As DJ Mag’s Top 100 DJs this year grows with votes, verified by Facebook, there’s no doubt that these awards are clamping down on the unique verification of each vote. Resident Advisor have a slightly different approach, requiring voters to have previously marked attending to an event featuring their nominations. We thought the days of rigged voting were over, until we were waiting for entrance into Tomorrowland and a swarm of promoters equipped with tablets started approaching the crowd, getting them to log into Facebook and vote for Dimitri Vegas and Like Mike. The publicity continued following Tomorrowland, as newsletters were sent out to tens of thousands prompting them to submit their votes for the DJ duo.
Just by looking at the top 100, the top 20 alone feature DJs that are slated regularly by industry critics, but they still manage to pull in votes. With the rare exception of a few, the top 20 consist mostly of chart-topping producers and those throwing financial weight behind their votes, such as Dimitri Vegas and Like Mike. On the other side of the internet, we have Resident Advisor’s Top 100. It’s more DJ based, but highly dominated by Techno.
While it’s an impressive accolade to have a Top 100 DJ status, essentially there is no such thing. For some people it’s nothing but the choice of tunes. As they dance away at a festival in one arena to the likes of Seth Troxler, who often makes mistakes while beat-matching but plays a phenomenal set, others can be found admiring the technical abilities of DJ Jazzy Jeff, James Zabiela or Carl Cox in another. Then there’s the personalities, preference of genre, production and of course, the cake throwing. Paris Hilton is one of the most hated DJs in the industry, yet the glamour and production behind her nights at Ibiza’s Amnesia have the place full of punters. You’ll have those that swear by vinyl while others salute the usage of laptops. DJs in the top 100 range across the entire spectrum, and it’s impossible to combine all of these into one person or collective.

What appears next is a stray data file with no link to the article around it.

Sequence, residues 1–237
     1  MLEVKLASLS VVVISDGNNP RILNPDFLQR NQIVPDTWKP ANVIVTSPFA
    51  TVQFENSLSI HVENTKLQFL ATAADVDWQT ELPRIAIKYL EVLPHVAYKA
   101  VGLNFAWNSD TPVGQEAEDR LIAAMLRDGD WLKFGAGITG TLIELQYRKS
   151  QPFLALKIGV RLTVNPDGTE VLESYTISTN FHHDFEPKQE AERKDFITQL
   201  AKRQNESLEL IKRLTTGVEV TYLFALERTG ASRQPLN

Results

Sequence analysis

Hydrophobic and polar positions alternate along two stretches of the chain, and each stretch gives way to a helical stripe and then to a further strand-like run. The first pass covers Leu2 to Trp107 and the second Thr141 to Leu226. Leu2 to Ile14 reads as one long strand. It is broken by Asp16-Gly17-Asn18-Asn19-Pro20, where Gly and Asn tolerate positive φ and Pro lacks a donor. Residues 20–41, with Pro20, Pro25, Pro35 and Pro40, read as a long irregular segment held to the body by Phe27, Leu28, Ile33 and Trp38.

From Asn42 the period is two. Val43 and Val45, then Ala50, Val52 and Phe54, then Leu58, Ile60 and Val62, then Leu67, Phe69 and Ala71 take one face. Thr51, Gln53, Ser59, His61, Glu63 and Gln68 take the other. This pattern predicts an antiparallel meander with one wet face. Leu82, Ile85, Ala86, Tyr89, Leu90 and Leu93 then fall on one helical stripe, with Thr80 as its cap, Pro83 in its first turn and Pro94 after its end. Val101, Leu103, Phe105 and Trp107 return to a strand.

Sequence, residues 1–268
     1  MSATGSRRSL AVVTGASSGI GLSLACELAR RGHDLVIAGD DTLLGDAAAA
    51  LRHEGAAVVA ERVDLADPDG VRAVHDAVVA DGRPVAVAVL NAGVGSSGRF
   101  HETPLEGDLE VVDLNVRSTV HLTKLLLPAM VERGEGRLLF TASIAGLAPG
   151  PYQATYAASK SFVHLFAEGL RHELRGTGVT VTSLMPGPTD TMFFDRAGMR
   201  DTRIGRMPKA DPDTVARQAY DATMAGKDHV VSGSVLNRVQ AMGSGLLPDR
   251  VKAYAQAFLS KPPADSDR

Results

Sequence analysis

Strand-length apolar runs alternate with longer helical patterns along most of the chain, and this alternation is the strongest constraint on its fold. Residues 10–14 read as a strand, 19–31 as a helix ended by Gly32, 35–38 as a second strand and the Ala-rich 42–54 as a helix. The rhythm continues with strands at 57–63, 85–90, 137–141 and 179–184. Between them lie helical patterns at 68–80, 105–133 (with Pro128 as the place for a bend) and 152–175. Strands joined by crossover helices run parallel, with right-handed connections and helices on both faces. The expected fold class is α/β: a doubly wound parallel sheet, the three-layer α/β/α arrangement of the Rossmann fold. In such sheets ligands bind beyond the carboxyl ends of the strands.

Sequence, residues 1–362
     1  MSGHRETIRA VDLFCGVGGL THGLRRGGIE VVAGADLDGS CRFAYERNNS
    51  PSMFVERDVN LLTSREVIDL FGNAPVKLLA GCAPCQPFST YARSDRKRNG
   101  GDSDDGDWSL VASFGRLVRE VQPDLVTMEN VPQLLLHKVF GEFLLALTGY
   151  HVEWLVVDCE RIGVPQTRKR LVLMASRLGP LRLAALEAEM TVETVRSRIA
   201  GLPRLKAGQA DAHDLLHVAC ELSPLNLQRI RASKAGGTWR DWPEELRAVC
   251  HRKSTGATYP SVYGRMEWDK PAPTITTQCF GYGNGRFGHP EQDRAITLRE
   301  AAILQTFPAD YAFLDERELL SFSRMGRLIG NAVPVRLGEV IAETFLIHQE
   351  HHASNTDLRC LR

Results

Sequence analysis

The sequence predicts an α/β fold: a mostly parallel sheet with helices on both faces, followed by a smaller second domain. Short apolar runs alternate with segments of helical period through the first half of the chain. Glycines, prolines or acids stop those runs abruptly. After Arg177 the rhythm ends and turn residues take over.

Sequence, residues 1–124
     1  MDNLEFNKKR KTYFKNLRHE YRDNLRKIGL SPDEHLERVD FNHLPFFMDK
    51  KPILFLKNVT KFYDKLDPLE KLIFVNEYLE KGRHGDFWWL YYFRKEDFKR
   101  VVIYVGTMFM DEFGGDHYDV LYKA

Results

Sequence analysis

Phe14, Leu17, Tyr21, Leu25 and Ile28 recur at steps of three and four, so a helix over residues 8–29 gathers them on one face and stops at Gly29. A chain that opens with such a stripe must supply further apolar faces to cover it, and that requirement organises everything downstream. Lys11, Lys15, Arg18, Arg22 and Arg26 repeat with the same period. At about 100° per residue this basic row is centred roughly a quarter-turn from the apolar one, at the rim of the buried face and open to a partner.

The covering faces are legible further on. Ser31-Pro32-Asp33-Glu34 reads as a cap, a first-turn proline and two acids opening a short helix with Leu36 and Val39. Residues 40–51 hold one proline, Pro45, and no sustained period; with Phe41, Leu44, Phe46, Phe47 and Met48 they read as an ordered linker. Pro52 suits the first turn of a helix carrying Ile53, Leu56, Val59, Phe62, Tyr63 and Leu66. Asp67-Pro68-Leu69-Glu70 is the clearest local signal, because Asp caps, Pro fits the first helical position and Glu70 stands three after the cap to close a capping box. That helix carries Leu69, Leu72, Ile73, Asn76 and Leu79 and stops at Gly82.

So what makes a good DJ?
You can’t have a good time without great music. If you go to an event, you’re generally going because you like the genre. Regardless of technical abilities, production or personality types, the tunes that get played ultimately create the experience.
It’s not just about the tracks you play at one event either. Variation across events always goes down well, giving the fans that regularly come something new to experience, while maintaining that consistent feel across sets. This is something that the likes of Armin Van Buuren, Seth Troxler, Eats Everything and Deadmau5 do perfectly, where others such as Martin Garrix fail. These all DJs that have featured highly in the DJ awards around the world.
For the majority, unless their is a major malfunction such as a silence in the music or some really bad beat-matching, technical ability is of no particular importance. For others, it’s quintessential.
The ability to mix is a requirement. If you can’t bring in a song without it sounding bad, you’re not a good DJ. EDM is easy to mix, and in a lot of cases isn’t even required. Regular drops build up to points in the track when another can just be dropped in. You don’t really even need headphones providing the track is properly cued, and yet most the DJs in the Top 100 exclusively play EDM. When we say EDM, we know it’s not technically a genre but it’s usually the label given to the type of music associated with DJs such as Afrojack, Blasterjaxx and Hardwell.